The architects of the American Government recognized this problem, and saw the best way to fight ambition is with ambition.  This is also the logic and the one of the strengths of the free market.  Monopolies are typically thought to be the biggest complication to free-market capitalism.  It is a problem which Smith foresaw and on which he provided some insight.  The fact seems to be, that no matter how powerful a monopoly appears to be, they are still vulnerable to competition.  Monopoly often breeds complacency which over time will fall victim to the efficiency demanded by the free market.

Indeed then, whether in politics or the marketplace the best way to fight the corruption inherent in power is with competition.  In politics and the economy, for freedom and progress to prevail, competition must be facilitated.  All life, men, animals, and plants are naturally self-interested; this fact must not be seen as some sort of condemnation but rather acknowledged as the driving force behind evolution, adaptation, and progression.  Either fight ambition with ambition or find a leviathan. I really don’t want a leviathan.

Competition and the Balance of Powers

Tuesday, March 31st, 2009

When the animals first declared their independence from human rule, they had begun to establish a society that was capable of overcoming the corruptive forces of power.  In the third chapter George Orwell states: “The animals were happy as they had never conceived it possible to be. Every mouthful of food was an acute positive pleasure, now that it was truly their own food, produced by themselves and for themselves, not doled out to them by a grudging master.”  This illustrates the positive effect of the rebellion before the sudden turn to a tyrannical rule.  Prior to Napoleon’s takeover, the animals felt that they were working together for the good of all.  As well, the animals did not fell that a “leader” was dictating their day to day activities.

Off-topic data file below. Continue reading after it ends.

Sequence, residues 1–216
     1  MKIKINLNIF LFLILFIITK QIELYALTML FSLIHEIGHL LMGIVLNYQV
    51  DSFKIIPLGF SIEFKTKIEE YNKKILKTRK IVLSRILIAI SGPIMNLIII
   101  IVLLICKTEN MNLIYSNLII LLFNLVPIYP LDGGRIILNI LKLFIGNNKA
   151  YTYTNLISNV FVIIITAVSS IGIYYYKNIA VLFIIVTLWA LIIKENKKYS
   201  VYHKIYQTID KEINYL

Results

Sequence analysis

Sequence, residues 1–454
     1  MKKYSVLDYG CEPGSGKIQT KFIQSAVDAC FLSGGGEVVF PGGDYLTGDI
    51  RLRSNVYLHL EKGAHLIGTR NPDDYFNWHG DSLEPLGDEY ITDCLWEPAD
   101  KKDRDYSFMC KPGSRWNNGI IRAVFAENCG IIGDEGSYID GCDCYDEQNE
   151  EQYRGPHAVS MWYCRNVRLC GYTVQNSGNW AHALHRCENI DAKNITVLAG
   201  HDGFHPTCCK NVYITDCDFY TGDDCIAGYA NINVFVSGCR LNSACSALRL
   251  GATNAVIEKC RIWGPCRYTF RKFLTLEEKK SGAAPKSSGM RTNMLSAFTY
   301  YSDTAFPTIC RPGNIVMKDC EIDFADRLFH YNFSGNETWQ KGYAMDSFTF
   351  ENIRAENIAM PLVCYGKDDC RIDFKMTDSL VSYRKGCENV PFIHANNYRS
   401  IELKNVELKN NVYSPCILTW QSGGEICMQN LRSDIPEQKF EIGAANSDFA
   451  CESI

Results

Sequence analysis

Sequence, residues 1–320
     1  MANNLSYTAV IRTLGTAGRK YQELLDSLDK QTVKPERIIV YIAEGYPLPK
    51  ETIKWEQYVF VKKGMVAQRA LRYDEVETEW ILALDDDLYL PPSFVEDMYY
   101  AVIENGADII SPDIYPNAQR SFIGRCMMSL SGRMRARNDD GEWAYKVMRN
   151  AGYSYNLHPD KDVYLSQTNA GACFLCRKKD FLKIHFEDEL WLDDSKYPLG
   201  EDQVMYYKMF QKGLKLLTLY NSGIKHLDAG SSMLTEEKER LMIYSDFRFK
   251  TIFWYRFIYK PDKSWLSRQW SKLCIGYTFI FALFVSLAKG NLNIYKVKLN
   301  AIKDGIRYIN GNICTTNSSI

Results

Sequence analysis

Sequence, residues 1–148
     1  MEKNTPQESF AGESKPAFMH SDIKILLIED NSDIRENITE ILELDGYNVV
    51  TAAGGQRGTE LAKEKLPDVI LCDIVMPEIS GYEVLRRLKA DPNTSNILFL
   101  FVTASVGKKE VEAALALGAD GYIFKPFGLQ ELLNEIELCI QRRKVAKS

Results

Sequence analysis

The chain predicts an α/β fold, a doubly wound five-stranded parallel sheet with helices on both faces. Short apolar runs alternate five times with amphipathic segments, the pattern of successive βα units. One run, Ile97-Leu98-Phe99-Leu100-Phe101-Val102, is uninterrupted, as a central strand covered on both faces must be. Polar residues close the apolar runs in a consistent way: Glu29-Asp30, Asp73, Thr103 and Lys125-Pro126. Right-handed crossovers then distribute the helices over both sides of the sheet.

This is in stark contrast to the lifestyle after Napoleon’s hostile take over of the loose democracy through his enforcing party of dogs.  Before this, it appears that the society has a two-party system similar to the democratic/republican system of our time.  This two-party system allowed the animals to hear both sides of an argument and then make a decision about how to proceed as a whole.  In order to prevent this from happening there is a necessity of multiple parties competing for a voice in government.  If one party manages to obtain enough power to squash the minority opinion, then this party will begin to feel the corrupting forces of power.  Essentially, competition, as in a capitalistic society, will keep any one group from gaining more power then it can safely handle.     

Political Power Ball

Tuesday, March 31st, 2009

“We have learned by sad experience that it is the nature and disposition of almost all men, as soon as they get a little authority, as they suppose, they will immediately begin to exercise unrighteous dominion.”

This is not the case in all situations, but in nearly all.  For some reason, we humans think that we have ourselves figured out.  We get a great idea, receive some backing from our close friends, and BOOM, the political power ball starts rolling.  We become popular and people rally around us.  We tell ourselves that we will never let it go to our heads, that the only reason we started this whole campaign was to implement our one “virtuous” idea.  We start to realize that in order to implement our virtuous idea, we must be placed in a position of power.  Soon the idea becomes second in importance, second only to gaining the power to implement the idea.  We remain justified.